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Tatam Tatamtam Tatatam Tatam Tah

Today is Basant Panchami or Vasanta Panchami, the fifth day of the waxing moon of the month of ‘Magha’. In the south it may be easily referred to as the fifth day after the Amavasya in the month of ‘Thai’. This day is said to be the birthday of Maa Saraswathi and is celebrated in a grand manner mainly in the North and East India. Many children start their studies or ‘Vidyabhyaasam’ on this day. My offering to Maa Saraswathi on this day is an episode from the life of Mahakavi Kalidasa.

Mahakavi Kalidasa is one of the greatest Sanskrit poets of Bharat. He is often compared to Maharishi Veda Vyasa and Rishi Valmiki. He is said to have lived between the fourth and fifth century CE. He was the court poet of Raja Bhoja. He has authored great classics like Raghuvamsham, Meghadootam and Abhijnana Shakuntalam to name a few. He is believed to have been an illiterate shepherd who was blessed abundantly by Maa Saraswathi or Vaagdevi – the ruler of speech that transformed him into the wonderful poet he was. It is our misfortune that though we have the literary works of this great poet, his life story has not been documented properly and it is through many legends that his life story is reconstructed.

Kalidasa seems to have had the complete blessings of Maa Saraswathi and this can be seen in many instances and this is one such interesting incident.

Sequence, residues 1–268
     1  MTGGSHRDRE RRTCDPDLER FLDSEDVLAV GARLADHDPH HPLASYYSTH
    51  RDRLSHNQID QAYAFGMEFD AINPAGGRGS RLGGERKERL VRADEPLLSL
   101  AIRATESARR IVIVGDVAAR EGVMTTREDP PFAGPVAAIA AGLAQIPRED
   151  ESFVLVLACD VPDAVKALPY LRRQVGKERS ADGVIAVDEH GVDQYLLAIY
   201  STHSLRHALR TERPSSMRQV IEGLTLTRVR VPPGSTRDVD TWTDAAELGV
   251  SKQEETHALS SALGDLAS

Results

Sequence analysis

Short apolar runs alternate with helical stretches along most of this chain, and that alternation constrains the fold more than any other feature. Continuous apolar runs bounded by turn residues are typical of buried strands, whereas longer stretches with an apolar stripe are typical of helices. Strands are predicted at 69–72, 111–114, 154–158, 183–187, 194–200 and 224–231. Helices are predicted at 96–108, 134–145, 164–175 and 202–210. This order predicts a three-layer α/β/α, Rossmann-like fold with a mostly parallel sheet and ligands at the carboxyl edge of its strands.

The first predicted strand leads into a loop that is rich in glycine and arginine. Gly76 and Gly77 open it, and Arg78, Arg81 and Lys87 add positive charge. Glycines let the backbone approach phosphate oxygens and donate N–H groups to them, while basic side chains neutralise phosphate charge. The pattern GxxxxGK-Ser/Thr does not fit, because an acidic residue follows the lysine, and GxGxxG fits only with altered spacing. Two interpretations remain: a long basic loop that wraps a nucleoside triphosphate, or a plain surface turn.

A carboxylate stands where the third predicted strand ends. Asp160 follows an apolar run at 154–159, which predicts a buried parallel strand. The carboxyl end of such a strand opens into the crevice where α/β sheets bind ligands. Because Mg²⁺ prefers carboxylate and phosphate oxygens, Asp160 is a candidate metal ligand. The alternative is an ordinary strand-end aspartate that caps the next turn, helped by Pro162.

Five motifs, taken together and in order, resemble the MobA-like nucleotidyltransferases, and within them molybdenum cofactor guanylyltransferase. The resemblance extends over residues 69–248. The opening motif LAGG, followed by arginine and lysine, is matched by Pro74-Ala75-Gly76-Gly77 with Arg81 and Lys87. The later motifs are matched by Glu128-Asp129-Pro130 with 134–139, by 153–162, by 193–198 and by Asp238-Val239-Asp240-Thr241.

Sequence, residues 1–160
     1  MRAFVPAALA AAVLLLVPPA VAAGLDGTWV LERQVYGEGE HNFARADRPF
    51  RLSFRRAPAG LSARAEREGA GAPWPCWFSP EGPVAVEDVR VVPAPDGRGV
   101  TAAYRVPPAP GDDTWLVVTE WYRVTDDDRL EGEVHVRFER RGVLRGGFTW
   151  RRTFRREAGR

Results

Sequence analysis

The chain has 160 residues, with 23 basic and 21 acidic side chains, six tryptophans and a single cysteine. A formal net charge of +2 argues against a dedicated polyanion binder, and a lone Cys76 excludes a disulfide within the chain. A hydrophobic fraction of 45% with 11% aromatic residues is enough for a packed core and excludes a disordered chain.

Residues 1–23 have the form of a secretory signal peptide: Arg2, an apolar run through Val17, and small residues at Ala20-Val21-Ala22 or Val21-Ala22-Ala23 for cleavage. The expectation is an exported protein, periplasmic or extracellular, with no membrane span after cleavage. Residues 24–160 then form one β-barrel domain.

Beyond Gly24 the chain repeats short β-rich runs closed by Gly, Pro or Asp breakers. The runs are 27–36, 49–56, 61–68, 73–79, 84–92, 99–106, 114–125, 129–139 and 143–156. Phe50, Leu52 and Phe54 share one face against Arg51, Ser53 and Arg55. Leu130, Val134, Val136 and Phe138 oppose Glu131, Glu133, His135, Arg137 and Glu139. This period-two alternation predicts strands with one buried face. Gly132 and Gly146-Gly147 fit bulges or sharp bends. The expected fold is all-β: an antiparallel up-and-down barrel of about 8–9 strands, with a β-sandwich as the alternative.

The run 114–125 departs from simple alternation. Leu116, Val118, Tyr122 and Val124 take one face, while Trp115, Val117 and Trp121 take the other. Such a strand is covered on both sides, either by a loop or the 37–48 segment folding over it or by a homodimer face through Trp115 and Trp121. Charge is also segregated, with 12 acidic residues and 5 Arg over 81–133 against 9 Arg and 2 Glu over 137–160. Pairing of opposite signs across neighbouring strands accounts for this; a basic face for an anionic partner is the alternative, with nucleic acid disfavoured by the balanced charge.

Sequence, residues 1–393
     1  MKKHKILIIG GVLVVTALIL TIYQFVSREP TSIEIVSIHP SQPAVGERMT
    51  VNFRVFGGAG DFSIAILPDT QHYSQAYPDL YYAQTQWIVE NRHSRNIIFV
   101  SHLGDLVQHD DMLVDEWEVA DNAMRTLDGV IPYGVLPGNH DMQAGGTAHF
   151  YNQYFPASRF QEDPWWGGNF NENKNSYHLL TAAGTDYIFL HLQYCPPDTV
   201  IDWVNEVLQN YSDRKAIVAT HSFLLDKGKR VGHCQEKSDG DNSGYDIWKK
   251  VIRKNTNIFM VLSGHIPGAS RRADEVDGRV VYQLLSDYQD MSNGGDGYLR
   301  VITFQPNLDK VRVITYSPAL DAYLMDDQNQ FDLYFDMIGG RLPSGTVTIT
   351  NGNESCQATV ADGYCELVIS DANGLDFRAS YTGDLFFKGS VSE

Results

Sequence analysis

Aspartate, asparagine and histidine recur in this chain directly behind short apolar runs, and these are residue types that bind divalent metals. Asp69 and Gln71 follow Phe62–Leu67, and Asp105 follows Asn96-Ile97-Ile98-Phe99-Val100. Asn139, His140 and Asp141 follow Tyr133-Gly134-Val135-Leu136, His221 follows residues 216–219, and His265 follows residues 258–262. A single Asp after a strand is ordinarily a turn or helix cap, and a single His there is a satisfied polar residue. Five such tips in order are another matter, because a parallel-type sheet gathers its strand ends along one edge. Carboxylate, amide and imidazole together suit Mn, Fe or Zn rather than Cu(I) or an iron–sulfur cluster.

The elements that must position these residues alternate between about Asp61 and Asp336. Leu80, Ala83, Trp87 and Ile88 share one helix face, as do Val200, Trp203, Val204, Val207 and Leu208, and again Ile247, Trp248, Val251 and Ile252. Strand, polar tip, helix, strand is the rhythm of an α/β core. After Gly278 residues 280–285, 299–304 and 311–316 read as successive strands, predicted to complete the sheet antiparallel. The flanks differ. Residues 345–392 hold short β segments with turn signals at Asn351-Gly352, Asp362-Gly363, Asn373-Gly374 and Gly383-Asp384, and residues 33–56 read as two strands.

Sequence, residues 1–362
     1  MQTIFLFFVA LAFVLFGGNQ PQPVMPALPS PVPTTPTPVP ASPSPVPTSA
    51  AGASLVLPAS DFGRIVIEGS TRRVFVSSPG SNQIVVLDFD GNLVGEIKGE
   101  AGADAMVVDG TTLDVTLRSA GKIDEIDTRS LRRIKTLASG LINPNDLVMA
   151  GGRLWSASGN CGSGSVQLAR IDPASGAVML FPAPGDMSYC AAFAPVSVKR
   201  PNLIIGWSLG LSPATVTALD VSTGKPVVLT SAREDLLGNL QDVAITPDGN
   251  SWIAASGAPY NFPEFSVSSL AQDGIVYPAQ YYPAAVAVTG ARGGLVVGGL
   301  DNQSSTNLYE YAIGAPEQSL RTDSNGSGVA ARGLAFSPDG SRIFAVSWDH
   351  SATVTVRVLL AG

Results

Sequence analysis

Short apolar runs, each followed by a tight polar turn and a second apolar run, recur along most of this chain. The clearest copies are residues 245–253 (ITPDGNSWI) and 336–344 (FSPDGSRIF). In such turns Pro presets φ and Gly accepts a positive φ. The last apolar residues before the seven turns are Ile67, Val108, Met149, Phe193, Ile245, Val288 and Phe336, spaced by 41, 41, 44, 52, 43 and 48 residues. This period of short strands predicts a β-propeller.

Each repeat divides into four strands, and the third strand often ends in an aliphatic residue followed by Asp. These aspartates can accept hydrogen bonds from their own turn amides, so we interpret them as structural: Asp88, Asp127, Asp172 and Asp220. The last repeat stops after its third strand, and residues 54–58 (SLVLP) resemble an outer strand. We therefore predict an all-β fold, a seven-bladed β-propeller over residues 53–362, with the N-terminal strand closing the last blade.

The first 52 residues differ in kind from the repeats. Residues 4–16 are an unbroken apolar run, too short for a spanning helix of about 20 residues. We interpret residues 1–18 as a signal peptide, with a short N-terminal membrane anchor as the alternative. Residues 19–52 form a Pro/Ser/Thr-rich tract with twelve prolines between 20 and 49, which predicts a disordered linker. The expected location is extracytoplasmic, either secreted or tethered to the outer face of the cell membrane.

Once Raja Bhoja decided to honour Kalidasa with an award. This news spread among the courtiers and many were happy on hearing this. But there were other poets in the court of Raja Bhoja who saw Kalidasa as their competitor. Naturally this news was not music to their ears.

“Why is our King partial towards Kalidasa?” said one.

“True that Kalidasa has authored classics but even I would be able to create such works with my scholarly knowledge. It is only that I have not tried” shrugged another.  

“I also cannot see how he is different from us and why the King wants to honour him alone” grumbled yet another.

One of the close aides of  Raja Bhoja who was nearby, happened to hear these conversations and the matter was duly conveyed to the king.

Raja Bhoja smiled to himself. The Durbar (court) assembled in a short while and that day Kalidasa had not come to the Durbar since he had gone to the nearby town for some work.

After the routine speeches, Raja Bhoja spoke. “I am going to announce a poetry competition for all poets present here!” said he.

The court poets who had been talking about Kalidasa behind his back were surprised at this announcement.

“The king must have had an afterthought after he decided to award Kalidasa. He must have realized that there are equal if not better scholars than Kalidasa” whispered one poet in glee. All the others nodded in agreement.

As they looked up to the King with expectation, he spoke. “I will tell the last line of a verse and you will have to construct the previous lines of the verse in the proper *metre” he said.

*Metre loosely translated means ‘chandas’ in Sanskrit or ‘sandam’ in Tamil. It is the pace or rhythm in which a verse is recited.

“What an easy task!” thought the poets.